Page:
In casting Daniela Vega in “A Fantastic Woman,” helmer Sebastian Lelio knew he was taking a risk. “I knew I could pay a price for making Daniela the focal point of the film, but if it succeeded, then we would gain something precious,” he says. “Her physical presence carries the story in a way no other person’s can.”
Their collaboration began when he was referred to her while seeking some insight into the lives of transgender people in Chile.
Since he was based in Berlin, they used Skype and emailed for at least a year until he realized that no other person could play the character he had created with co-scribe Gonzalo Maza.
The film “flirts with multiple genres: It’s a romance, a ghost story, a fantasy film, a document of reality and a character study,” he notes. “This stylistic expansion is what attracted me because it meant I could expand my own identity as a filmmaker.”
Given its LGBT theme, it would have been more predictable to shoot the film with a handheld camera in a raw, cinema verite style; instead, he shot it with “a certain flamboyance, classicism and splendor. That’s the most subversive aspect of the film; creating an aesthetic tension between the theme and form was the most complex and difficult challenge.”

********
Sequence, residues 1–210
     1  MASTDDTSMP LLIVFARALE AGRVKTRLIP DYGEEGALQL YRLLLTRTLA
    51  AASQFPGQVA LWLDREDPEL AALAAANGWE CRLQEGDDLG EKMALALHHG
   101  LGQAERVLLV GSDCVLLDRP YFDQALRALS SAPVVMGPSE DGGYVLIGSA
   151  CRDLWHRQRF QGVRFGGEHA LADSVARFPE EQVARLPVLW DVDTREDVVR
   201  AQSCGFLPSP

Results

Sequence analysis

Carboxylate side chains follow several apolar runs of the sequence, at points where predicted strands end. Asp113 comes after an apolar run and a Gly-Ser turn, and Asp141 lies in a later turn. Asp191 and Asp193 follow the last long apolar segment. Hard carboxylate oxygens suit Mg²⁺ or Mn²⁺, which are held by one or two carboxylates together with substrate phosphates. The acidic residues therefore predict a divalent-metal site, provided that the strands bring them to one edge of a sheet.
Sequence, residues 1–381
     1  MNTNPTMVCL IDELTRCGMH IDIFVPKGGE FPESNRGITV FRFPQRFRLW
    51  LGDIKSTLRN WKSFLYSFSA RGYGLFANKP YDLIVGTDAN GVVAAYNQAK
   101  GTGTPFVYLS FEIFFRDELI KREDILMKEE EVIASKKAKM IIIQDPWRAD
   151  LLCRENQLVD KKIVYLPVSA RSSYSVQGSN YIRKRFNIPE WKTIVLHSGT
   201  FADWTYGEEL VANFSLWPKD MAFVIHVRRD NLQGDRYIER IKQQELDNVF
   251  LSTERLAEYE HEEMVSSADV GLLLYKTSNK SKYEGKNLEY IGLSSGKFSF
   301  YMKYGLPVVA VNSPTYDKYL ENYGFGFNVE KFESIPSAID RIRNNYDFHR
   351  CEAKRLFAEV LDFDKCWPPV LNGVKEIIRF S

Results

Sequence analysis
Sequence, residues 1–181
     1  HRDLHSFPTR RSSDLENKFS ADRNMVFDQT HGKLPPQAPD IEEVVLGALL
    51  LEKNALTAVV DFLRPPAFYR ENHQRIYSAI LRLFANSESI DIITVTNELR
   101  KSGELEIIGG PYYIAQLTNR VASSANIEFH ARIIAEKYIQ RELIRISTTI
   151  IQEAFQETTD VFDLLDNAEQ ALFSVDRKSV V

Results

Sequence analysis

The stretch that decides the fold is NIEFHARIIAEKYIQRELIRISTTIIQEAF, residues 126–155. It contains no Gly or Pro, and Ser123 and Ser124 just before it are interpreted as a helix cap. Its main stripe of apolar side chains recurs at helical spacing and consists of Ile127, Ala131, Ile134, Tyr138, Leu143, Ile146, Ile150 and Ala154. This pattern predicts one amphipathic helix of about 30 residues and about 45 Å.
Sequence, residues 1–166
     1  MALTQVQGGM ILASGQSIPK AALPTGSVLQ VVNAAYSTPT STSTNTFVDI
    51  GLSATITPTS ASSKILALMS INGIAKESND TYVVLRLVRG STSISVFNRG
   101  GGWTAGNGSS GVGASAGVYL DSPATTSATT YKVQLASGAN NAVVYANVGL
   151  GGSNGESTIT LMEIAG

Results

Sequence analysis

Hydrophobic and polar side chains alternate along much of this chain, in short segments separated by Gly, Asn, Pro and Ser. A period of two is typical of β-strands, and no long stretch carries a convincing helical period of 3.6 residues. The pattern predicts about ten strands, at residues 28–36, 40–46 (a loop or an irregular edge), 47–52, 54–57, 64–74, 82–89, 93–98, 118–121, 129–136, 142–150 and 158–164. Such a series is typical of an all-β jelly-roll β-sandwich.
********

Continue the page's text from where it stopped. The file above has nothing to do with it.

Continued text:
The scene in which Vega’s character is leaning against a gale at an extreme angle is Lelio’s nod to Buster Keaton.
Vega plays Marina Vidal whose sexuality is not immediately obvious as the story begins like a classic ’50s tale of a couple in love.
When the older man dies suddenly, Marina’s world comes crashing down and the real story begins. Marina endures the transphobia and discrimination of authorities and her lover’s family.
“Some scenes were difficult but I felt protected by the cast and crew,” says Vega, an autodidact who had some acting experience and was training to be a lyrical soprano when Lelio tapped her.
Thanks to her newly found fame, she is fielding various offers. She has two new projects in the pipeline this year.
With his equally acclaimed 2013 film about a divorcee, “Gloria,” and his upcoming English-language debut “Disobedience” about Orthodox Jewish women, played by Rachel Weisz and Rachel McAdams, who engage in an illicit affair, some people believe that Lelio has made a trilogy.
“It wasn’t a conscious decision on my part but all three explore femininity and women who are at the margins of society.”
“A Fantastic Woman” comes at an opportune time when more instances in pop culture, especially on television, is helping to foster understanding and tolerance of the trans community as a whole.